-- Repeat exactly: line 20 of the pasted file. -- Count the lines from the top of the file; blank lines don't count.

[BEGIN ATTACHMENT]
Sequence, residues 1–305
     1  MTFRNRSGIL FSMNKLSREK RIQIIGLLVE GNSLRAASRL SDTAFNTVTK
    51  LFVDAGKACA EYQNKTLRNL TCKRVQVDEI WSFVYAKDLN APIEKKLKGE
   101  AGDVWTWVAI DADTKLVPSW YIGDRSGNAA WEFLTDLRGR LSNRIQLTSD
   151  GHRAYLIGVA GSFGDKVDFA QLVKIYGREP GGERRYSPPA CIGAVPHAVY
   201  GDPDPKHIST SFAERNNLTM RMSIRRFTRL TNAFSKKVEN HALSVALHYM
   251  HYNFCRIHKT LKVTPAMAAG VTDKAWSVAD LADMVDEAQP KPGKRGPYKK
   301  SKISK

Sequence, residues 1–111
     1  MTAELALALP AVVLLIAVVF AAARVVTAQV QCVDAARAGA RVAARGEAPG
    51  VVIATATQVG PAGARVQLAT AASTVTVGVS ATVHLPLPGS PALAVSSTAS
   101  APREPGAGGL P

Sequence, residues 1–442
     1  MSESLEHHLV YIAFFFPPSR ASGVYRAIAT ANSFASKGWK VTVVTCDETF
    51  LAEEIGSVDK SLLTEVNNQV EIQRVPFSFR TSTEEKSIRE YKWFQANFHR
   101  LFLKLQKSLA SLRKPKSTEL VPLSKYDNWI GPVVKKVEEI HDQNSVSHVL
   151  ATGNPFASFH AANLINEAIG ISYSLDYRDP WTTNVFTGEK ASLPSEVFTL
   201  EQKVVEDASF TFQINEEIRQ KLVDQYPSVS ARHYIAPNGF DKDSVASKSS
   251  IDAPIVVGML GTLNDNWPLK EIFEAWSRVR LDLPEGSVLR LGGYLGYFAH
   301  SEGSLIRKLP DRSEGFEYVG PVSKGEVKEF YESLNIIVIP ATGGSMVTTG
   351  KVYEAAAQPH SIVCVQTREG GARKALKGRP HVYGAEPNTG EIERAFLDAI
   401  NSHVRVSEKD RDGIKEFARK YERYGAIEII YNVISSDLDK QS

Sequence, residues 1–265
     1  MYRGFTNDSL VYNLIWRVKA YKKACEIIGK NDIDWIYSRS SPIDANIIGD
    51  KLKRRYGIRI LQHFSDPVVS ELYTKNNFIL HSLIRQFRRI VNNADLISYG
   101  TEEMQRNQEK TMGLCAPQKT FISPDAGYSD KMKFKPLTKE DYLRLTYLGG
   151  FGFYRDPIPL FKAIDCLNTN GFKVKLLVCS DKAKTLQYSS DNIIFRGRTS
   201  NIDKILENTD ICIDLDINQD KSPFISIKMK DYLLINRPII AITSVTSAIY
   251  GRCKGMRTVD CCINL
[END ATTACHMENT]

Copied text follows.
   301  SEGSLIRKLP DRSEGFEYVG PVSKGEVKEF YESLNIIVIP ATGGSMVTTG